THEA 33 – Week 8: Klein/Mahler Technique

This week we will explore the work of Susan Klein and Barbara Mahler. Between 1992-2010 I studied with these two amazing women and their teachings continue to resonate with me today. Please look at their websites for more insight.

I am also including an article on Zero Balancing, a bodywork modality, since I believe it is a strong influence on the Klein/Mahler work. The interface of energy and structure is at the heart of Susan and Barbara’s work with the body, particularly dancers’ bodies and their need to form patterns, repattern, integrate, contemplate and move from deep within.

http://www.kleintechnique.com

http://barbaramahler.net

http://www.zerobalancing.com/assets/pdf/articles/zero_balancing_technique_kate_chase_ryan_massage_magazine_2009_10.pdf

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12 thoughts on “THEA 33 – Week 8: Klein/Mahler Technique

  1. I found it really helpful when we visualized our bones while we were warming up. I usually just think about engaging my muscles while am dancing, but I found that if I focused on making sure my bones were aligned, i actually had to do less work with my muscles because my skeleton was already in the right place! I didn’t have to fight against myself, and it seemed more efficient.

  2. Again, I have fully enjoyed class this week! On both Tuesday and Thursday we started off with finding our tailbone and the front of our pubic bone and rolling down, then moved to the floor. On Tuesday, once we had moved to the floor, I felt really in touch with my body. As we sat and breathed into our hands, I tried to relax into my self, and in addition to this I was in a very content mood and the weather and trees were absolutely beautiful, I almost started tearing up! It was really wonderful. This class has really helped me appreciate my body and what it does, as well as other peoples’ bodies and their capabilities. I’m very ecstatic about discovering and developing the connection I have with my body, and realizing that I’ve had this all my life. I’ve been moving and utilizing my body before I started dance classes, and it’s a huge part of who I am, I’m fairly positive I’m stretching in some way at least 75% of my time every day. As to the more technical part of what we’re doing in class, I’m still ever-fascinated by the idea of us working in so many different planes of movement rather than front, side, and back as I’m more used to. I can feel the difference in my warm-ups and honestly think it has improved my ballet technique as well.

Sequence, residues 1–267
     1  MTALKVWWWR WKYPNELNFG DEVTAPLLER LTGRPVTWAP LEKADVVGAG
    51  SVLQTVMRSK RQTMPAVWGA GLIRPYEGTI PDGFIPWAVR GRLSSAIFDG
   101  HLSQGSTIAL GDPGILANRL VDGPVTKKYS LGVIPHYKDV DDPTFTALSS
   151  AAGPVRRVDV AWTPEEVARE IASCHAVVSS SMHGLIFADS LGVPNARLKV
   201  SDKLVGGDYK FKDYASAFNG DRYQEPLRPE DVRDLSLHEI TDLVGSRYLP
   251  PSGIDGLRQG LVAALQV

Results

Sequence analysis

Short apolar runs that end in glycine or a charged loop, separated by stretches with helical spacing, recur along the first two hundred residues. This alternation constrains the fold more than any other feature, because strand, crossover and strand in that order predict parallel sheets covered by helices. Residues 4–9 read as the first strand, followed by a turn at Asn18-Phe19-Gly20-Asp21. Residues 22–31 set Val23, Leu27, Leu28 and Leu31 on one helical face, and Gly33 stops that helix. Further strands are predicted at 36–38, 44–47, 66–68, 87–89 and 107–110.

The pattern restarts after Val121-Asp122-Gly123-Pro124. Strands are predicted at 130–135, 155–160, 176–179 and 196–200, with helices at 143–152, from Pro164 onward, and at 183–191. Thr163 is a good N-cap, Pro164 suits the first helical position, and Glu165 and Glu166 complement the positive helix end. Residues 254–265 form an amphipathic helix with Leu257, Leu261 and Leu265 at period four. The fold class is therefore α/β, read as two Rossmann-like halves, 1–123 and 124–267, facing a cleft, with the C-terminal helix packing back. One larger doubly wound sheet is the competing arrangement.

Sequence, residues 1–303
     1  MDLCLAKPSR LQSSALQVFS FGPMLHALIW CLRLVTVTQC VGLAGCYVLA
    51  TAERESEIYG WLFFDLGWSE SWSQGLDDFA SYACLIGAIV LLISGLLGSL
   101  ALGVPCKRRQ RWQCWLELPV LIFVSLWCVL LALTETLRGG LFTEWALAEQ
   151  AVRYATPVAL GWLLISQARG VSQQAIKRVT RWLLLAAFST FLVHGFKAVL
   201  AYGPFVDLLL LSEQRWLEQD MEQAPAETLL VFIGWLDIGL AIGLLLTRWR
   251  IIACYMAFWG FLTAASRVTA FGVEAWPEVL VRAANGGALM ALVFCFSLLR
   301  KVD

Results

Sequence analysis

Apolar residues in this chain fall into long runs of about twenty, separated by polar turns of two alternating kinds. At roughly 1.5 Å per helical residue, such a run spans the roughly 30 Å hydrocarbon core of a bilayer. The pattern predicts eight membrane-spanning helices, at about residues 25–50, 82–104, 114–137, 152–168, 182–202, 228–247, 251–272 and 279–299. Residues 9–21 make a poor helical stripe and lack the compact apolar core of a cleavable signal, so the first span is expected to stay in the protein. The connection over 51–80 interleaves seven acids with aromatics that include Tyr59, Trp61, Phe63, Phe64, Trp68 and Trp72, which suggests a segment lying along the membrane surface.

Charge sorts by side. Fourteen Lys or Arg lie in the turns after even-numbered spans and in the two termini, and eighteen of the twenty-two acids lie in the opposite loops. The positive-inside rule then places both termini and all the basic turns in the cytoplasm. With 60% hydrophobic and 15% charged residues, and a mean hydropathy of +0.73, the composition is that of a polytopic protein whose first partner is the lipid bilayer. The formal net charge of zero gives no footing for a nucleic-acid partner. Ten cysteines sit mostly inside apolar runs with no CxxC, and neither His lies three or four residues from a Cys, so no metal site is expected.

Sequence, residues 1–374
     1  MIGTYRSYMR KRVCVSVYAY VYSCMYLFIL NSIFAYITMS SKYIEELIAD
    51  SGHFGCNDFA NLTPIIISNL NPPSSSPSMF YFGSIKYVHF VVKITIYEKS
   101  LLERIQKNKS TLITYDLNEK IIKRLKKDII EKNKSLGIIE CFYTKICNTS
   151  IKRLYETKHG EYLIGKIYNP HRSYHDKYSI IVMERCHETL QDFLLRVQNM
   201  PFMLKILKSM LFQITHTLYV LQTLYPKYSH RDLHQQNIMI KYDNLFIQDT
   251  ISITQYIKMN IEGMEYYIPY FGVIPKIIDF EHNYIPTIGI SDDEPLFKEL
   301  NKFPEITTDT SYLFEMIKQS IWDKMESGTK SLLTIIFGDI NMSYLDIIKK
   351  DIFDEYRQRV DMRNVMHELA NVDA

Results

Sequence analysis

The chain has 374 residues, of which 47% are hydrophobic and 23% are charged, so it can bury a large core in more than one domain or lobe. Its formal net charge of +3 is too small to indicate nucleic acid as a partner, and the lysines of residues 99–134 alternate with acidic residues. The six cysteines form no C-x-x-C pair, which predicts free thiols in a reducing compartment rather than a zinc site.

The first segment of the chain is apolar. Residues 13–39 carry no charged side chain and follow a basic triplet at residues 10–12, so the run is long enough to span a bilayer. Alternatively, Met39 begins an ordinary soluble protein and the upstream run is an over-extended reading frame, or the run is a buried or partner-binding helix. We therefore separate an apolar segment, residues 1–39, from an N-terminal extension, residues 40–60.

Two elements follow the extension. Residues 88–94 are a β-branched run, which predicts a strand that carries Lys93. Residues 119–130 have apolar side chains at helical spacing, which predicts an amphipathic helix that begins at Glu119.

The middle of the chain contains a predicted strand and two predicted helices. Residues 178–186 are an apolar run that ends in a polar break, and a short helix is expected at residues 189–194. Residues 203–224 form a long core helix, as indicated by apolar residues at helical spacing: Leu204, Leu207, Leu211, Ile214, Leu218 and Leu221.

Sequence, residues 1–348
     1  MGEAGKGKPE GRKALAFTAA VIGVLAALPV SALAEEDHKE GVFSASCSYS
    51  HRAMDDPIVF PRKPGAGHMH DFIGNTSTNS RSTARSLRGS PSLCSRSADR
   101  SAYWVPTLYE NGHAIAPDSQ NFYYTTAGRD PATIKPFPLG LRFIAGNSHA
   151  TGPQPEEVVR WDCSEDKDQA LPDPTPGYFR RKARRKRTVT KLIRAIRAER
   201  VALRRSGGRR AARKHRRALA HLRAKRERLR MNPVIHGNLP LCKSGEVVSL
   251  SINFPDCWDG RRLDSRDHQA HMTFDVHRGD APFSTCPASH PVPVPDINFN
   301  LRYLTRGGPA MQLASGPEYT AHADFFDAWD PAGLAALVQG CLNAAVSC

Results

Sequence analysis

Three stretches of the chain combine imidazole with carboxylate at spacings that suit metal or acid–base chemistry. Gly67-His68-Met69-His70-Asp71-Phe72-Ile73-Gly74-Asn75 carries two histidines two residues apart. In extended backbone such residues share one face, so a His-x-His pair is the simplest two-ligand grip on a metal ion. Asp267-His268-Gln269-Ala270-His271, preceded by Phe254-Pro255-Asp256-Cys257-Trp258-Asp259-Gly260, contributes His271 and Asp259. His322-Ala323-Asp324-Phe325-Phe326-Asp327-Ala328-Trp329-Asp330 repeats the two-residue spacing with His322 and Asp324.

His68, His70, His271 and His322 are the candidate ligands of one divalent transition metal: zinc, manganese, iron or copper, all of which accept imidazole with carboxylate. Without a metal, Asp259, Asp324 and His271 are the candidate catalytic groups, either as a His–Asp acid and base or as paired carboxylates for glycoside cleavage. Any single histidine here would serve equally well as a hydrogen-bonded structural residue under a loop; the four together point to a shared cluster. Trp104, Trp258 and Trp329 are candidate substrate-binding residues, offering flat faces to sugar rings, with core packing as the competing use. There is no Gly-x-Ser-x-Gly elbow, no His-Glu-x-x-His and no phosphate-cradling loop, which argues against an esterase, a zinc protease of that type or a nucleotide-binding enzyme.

3. I agree that the focus on bones in movement was really helpful and interesting. I felt that focusing on bones made me feel more engaged because it was a holistic approach. Like Masha, I have always only thought primarily about muscle-dominant movement, so to initiate from bones felt more complete.
    I also felt like so many possibilities were made available using knee pads! It’s such a simple thing, but I have never used them before and I felt so much more freedom to experiment with movement and transitions that I would have resisted with bare knees. I like that this small change was able to help make my movement more fearless.

  4. I really like the focus on bones this week. I’m taking a human osteology class, and it’s really cool be able to use one class to deepen my understanding in another. This whole week was very enjoyable since I could really visualize my bones moving and shifting having held them in another class. I have generally danced by focusing on my muscles. It was really interesting to move while thinking of being supported by my bones, as that is something I have never really thought of. And it felt really different. That moment when we were standing, and you came and told me to relax my quads and rely on my bones to keep me up was really eye opening.